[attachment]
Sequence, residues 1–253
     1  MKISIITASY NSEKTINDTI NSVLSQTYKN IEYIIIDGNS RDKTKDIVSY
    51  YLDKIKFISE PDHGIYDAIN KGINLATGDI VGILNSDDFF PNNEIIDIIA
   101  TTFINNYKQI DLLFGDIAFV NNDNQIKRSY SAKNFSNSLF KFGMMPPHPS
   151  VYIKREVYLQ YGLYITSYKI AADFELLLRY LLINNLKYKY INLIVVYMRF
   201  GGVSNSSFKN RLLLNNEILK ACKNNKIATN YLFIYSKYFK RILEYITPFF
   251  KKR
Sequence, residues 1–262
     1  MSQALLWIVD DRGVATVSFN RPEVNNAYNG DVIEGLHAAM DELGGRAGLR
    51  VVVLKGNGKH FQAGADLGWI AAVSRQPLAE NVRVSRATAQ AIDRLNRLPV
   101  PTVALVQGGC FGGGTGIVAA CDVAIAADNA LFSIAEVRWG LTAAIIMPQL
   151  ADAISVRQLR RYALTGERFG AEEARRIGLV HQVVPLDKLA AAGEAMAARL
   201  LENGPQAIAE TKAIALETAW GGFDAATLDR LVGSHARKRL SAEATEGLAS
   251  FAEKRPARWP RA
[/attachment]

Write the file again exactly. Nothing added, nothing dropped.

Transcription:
Sequence, residues 1–253
     1  MKISIITASY NSEKTINDTI NSVLSQTYKN IEYIIIDGNS RDKTKDIVSY
    51  YLDKIKFISE PDHGIYDAIN KGINLATGDI VGILNSDDFF PNNEIIDIIA
   101  TTFINNYKQI DLLFGDIAFV NNDNQIKRSY SAKNFSNSLF KFGMMPPHPS
   151  VYIKREVYLQ YGLYITSYKI AADFELLLRY LLINNLKYKY INLIVVYMRF
   201  GGVSNSSFKN RLLLNNEILK ACKNNKIATN YLFIYSKYFK RILEYITPFF
   251  KKR
Sequence, residues 1–262
     1  MSQALLWIVD DRGVATVSFN RPEVNNAYNG DVIEGLHAAM DELGGRAGLR
    51  VVVLKGNGKH FQAGADLGWI AAVSRQPLAE NVRVSRATAQ AIDRLNRLPV
   101  PTVALVQGGC FGGGTGIVAA CDVAIAADNA LFSIAEVRWG LTAAIIMPQL
   151  ADAISVRQLR RYALTGERFG AEEARRIGLV HQVVPLDKLA AAGEAMAARL
   201  LENGPQAIAE TKAIALETAW GGFDAATLDR LVGSHARKRL SAEATEGLAS
   251  FAEKRPARWP RA